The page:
Male gender and kidney illness are associated with an increased risk of severe laboratory-confirmed coronavirus disease

Link to article at PubMed

BMC Infect Dis. 2020 Sep 16;20(1):674. doi: 10.1186/s12879-020-05408-6.


BACKGROUND: To identify factors predicting severe coronavirus disease 2019 (COVID-19) in adolescent and adult patients with laboratory-positive (quantitative reverse-transcription polymerase chain reaction) infection.

METHOD: A retrospective cohort study took place, and data from 740 subjects, from all 32 states of Mexico, were analyzed. The association between the studied factors and severe (dyspnea requiring hospital admission) COVID-19 was evaluated through risk ratios (RRs) and 95% confidence intervals (CIs).

RESULTS: Severe illness was documented in 28% of participants. In multiple analysis, male gender (RR = 1.13, 95% CI 1.06-1.20), advanced age ([reference: 15-29 years old] 30-44, RR = 1.02, 95% CI 0.94-1.11; 45-59, RR = 1.26, 95% CI 1.15-1.38; 60 years or older, RR = 1.44, 95% CI 1.29-1.60), chronic kidney disease (RR = 1.31, 95% CI 1.04-1.64) and thoracic pain (RR = 1.16, 95% CI 1.10-1.24) were associated with an increased risk of severe disease.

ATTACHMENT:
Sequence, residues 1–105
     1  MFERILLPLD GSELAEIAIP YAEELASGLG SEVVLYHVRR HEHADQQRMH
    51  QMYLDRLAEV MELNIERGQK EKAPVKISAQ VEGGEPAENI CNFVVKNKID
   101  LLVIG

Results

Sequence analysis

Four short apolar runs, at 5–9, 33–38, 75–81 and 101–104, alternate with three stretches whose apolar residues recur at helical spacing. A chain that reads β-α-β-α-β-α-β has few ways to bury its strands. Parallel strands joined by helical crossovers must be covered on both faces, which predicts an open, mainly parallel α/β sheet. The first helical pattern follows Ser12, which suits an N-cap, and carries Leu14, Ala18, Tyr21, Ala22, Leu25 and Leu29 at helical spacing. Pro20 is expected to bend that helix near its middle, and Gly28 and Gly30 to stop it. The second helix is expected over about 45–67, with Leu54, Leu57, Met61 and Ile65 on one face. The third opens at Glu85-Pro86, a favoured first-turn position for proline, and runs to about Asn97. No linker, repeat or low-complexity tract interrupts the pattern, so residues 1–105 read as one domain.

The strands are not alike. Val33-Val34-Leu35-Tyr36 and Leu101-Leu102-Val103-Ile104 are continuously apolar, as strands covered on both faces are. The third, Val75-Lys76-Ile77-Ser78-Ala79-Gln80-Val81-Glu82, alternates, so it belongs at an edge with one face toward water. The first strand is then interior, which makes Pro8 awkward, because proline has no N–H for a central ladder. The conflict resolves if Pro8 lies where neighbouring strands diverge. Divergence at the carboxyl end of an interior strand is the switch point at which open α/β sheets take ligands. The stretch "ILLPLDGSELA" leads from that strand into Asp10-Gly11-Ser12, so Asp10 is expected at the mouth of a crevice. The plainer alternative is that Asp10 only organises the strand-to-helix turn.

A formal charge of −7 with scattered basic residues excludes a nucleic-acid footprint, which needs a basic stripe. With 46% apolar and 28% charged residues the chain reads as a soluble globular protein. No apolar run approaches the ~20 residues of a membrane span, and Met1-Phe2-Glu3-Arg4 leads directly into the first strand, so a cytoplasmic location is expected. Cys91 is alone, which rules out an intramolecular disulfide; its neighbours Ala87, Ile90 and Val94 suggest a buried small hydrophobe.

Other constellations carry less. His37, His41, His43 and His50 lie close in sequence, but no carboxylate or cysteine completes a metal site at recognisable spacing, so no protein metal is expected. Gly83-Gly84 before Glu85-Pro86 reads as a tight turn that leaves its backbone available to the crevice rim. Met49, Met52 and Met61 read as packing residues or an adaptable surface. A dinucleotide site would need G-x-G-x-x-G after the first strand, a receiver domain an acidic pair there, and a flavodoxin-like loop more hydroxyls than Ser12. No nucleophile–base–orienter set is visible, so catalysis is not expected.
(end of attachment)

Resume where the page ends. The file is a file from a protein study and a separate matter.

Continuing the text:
CONCLUSIONS: To the best of our knowledge, this is the first study evaluating predictors of COVID-19 severity in a large subset of the Latin-American population. Male gender and kidney illness were independently associated with the risk of severe COVID-19. These results may be useful for health care protocols for the early detection and management of patients that may benefit from opportune and specialized supportive medical treatment.

PMID:32938419 | DOI:10.1186/s12879-020-05408-6

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